Moving back to Manayunk & feeling some type of way

(featured photo by Tyler Corbley)

This Saturday I single-handedly hauled all my belongings into my tiny Honda Civic and drove off to Manayunk. I don’t have a lot of things – at least not furniture wise. So right now, the room is kind of… barren.


(Yes, that is a little ball of Nova Dog on the bed there.)
Also I don’t own a chair.

It took a lot of mental strength to do this, honestly. Things at Mommom’s just started to feel like home. I don’t know what happened, but after my Aunt Lizzie passed, everyone came together. My uncle was always around the house, and even my parents stopped by on the regular. It felt good and safe there. I was being taken care of – I’ve been feeling like an oversensitive child lately.

But I’m 23 and I drive 50+ minutes each way to my job. So when my old roommates said our room was open again, I decided it was probably time for me to be a big girl. Initially, I was excited. I couldn’t wait to get extra sleep and be around friends every day. But Saturday morning, I felt sick to my stomach – probably from misdirected anxiety. I almost threw up a few times and I couldn’t stop myself from shaking. As much as I liked the idea of being independent and closer to work, right then in that moment, all I wanted to do was be surrounded by my family. Maybe this was my way of coping with all the loss in the past few months. I couldn’t stop crying – it was like there was a wad of steel wool in the back of my throat and chest. I wanted to stay right there.

When I finally started to load my car, seeing my old room so bare made me sadder. It just started to feel like home. That was a big deal for me, considering the house I grew up in wasn’t even a home to me.
They say that home is a feeling, and they’re right. Hearing small, familiar voices downstairs, laughter between Mommom and my brother, seeing my shitty paintings on the walls and the post-card concoction I made – it’s not the room or the things in it, it’s the feeling the place gives you.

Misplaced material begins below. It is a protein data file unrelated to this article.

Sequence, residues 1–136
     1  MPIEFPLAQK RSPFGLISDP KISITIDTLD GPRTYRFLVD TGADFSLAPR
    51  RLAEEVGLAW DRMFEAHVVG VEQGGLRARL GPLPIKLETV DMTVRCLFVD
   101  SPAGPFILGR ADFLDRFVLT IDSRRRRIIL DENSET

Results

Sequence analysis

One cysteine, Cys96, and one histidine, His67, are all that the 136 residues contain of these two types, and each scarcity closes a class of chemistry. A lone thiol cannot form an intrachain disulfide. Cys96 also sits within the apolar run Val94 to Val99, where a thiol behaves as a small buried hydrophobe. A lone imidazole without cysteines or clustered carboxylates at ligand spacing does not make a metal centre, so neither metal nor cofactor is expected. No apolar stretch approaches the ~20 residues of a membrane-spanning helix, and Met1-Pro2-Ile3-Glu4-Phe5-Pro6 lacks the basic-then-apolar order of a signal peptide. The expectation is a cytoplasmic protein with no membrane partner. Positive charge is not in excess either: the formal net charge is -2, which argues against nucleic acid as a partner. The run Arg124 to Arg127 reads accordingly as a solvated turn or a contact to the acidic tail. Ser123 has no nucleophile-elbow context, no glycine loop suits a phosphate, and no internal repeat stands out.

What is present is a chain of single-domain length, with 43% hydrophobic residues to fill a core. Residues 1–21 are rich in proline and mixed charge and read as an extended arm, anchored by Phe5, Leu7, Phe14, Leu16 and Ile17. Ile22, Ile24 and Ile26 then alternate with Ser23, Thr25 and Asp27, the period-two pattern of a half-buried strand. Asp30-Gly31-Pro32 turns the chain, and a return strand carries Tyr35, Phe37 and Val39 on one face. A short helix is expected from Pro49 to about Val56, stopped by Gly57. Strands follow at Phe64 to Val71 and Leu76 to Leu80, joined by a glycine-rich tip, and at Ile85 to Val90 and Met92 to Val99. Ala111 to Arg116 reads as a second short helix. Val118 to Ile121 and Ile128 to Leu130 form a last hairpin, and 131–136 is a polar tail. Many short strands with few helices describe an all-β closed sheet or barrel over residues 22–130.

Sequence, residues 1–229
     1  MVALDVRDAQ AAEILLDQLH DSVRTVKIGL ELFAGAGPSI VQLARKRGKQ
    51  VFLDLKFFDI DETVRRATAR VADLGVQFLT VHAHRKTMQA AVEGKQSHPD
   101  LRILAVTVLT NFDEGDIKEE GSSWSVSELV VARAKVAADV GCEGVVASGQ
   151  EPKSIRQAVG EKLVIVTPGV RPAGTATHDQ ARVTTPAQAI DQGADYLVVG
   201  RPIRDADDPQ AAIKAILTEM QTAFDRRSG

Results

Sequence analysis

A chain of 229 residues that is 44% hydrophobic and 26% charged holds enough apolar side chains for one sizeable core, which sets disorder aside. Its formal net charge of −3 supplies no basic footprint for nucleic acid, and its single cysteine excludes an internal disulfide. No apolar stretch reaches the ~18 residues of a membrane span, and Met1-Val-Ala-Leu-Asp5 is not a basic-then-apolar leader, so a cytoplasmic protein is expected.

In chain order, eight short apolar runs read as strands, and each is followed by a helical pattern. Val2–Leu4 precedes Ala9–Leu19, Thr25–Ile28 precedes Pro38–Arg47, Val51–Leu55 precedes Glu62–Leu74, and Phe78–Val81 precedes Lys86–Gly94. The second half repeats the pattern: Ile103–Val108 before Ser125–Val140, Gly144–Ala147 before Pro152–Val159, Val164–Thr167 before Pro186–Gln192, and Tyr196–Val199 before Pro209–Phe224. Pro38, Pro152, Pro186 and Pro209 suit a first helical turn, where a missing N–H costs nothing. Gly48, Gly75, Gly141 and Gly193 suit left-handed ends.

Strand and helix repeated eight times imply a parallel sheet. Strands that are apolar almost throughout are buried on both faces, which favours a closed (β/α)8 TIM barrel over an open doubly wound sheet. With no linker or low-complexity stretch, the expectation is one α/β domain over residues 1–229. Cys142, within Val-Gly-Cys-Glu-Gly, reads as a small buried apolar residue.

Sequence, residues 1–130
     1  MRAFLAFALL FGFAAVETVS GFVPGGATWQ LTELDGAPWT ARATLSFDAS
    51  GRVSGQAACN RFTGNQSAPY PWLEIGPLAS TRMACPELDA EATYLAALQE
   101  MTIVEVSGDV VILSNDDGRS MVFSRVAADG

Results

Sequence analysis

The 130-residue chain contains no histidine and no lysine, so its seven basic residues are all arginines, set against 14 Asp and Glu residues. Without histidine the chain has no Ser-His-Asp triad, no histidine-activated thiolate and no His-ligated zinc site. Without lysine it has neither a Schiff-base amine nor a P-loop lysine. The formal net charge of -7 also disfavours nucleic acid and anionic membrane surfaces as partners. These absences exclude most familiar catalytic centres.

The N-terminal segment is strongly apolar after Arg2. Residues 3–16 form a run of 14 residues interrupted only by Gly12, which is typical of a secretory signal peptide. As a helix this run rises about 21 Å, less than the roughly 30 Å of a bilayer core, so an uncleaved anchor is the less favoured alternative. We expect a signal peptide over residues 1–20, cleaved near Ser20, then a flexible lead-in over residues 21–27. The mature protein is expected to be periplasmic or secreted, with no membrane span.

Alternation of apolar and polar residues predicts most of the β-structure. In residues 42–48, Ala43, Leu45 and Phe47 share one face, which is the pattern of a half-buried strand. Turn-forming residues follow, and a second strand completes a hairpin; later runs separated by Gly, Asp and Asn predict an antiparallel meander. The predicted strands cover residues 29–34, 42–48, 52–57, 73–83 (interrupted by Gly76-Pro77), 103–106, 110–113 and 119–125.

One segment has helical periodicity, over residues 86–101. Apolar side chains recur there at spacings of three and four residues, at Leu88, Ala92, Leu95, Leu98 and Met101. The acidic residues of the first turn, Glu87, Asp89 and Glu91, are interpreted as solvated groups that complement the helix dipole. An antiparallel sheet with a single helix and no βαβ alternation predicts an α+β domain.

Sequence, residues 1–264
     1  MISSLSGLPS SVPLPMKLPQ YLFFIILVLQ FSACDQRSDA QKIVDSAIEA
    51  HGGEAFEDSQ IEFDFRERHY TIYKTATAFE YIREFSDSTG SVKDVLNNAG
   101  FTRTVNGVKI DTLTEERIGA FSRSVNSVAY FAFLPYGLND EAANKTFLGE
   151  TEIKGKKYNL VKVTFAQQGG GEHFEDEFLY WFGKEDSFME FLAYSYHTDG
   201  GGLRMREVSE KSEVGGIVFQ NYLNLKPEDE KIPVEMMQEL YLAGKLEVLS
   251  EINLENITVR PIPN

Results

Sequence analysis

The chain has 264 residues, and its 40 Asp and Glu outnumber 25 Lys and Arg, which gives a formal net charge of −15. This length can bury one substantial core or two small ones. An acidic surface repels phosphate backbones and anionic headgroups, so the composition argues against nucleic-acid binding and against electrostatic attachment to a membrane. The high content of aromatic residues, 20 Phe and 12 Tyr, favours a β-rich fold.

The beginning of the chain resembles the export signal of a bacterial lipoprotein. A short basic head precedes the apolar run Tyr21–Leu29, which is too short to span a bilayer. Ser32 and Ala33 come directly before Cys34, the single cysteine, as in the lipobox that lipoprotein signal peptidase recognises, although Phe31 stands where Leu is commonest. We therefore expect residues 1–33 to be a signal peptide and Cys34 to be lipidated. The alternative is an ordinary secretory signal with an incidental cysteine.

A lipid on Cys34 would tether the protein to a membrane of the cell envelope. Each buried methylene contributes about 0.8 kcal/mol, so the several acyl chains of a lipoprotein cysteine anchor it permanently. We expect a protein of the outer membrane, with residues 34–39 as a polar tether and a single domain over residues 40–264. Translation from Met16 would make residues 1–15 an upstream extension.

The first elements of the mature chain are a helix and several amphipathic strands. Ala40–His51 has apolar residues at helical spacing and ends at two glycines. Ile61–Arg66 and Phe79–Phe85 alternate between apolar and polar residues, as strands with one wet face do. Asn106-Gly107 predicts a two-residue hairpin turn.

I’m not unhappy with my decision. Not in the least. I gotta say though, being here does bring back memories and makes me miss Tyler more – but I like it here and my friends are wonderful. They took me out to dinner last night, then we came home and watched Blue Planet from BBC. Not only is it incredibly interesting, but it’s a great series to watch while inebriated. It’ll soothe you right to sleep.

Today we went grocery shopping, cooked, and then I took a cuddle-puddle nap with the dogs. (Here’s a fabulous view of Leo’s butt.)

The feelings I’m experiencing right now kind of remind me of my first night in my dorm at Jefferson. But I was so busy the following weeks, I had no time to think about anything else. And before I knew it, my dorm was more my home than anywhere else. I often forget how adaptable I am. Sure, at first I feel every emotion like a ton of bricks to the face, but I’d say I have a pretty malleable soul.
My advice for anyone moving into a strange place (or not-so-strange in my case) would be to:

  • Have a friend help you move, and maybe stay with you the first weekend. It’ll give you a sense of comfort to have someone familiar around and supporting you. (This wasn’t really an option for me – these dogs are my only friends.)
  • Keep goodbyes brief and light. Dragging things out can make them feel heavier than they really are. A friendly “bye, I’ll be back soon!” makes everyone feel better. Hugs are a must, though.
  • Bring things that make you feel comfy. I definitely didn’t do this, but I really didn’t have a lot of options since I was moving all my shit myself. Even if it feels stupid, seeing that box of polaroids or poo-emoji pillow might make you feel a lot more at-home when you walk into your new room.
  • Don’t be too afraid of over-packing. While I’m 100% for living minimalistically, I always do this thing where I under-pack and end up going back for things. Thinking “oh I’ll be fine without this” or “I can come back for this.” You’re better off having everything you need right off the bat.
  • If you’re the anxious type (particularly at night), anti-anxiety tea does wonders. My personal favorite is Yogi’s honey-lavender Stress Relief tea. Not a big fan of the rest of their teas, but this one is a must-try if you suffer from anxiety. I’ve heard Celeste has good sleepy-time tea too.
  • Give yourself a routine! Keeping busy is number 1. If you did yoga back home, find a place to do yoga near your new place. Find a gym, find an art store, find a coffee shop to do work in – building a routine will make things feel more like home very quickly.

I miss my brother and Mommom and my space heater (the room here is FREEZING.) But I can always go back. Adulthood is strange – you end up having homes everywhere. And it can split you up a bit – make you feel a little splintered and lost. But that’s all a part of growing, I guess.

Take care of yourselves – and feel free to share your moving experiences in the comments!


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